Two surreal UX experiences today:
– I marked a dinner this coming week on my google calendar… only to find google automatically added a cute google-generic illustration of a set table as background of the event. Someone somewhere somehow believes this to be clever, maybe even necessary.
– I found out skype now has a list of emojis for you to use in your… video calls. You can flash them on screen for the other person to understand how you’re feeling… i.e. if you’re in tears about something, surely it would be enough for the person on the other side to see -you- crying in order to “get it”? Apparently not, according to skype: you’ll have to validade your feeling with a freakin’ yellow blurb. And needless to say, the nuances of human emotion are reduced to a handful of icons to choose from – the usual: happy, sad, angry, love… and the freakin’ thumbs up, believe it or not. You are invited to press the “thumbs up” icon rather than giving an actual thumbs up on camera. Let’s call it the encryption of body language.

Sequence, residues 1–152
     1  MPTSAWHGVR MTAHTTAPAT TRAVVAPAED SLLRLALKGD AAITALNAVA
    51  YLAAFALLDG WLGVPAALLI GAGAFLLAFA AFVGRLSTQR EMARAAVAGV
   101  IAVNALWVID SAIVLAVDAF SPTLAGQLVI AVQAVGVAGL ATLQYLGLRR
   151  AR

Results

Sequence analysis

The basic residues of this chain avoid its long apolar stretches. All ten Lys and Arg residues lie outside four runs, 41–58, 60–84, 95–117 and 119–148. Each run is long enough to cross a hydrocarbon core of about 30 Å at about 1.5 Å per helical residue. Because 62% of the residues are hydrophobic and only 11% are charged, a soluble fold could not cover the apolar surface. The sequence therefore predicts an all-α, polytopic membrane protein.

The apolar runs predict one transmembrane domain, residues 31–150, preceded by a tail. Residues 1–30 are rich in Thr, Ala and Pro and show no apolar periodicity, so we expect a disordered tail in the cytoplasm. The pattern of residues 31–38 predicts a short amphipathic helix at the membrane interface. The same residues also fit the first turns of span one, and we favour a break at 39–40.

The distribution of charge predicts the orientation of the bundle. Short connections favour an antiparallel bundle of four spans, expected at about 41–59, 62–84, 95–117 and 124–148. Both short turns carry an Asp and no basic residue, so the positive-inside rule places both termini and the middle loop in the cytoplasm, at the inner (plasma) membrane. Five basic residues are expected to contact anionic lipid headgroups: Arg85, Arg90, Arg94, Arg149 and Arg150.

In order to sell us this silly stuff, these companies often resort to variations of the “express yourself” slogan. To which I reply: “my body will resist emoji reduction, particularly when there is video available”. And as far as the dinner calendar experience goes: maybe it’s time to start spelling wrong on purpose. Since they’ve unraveled language anyway with AO90, might as well put the chaos to good use. At least while our coming “citizen ratings” are not penalised for “insufficient writing skills” or something.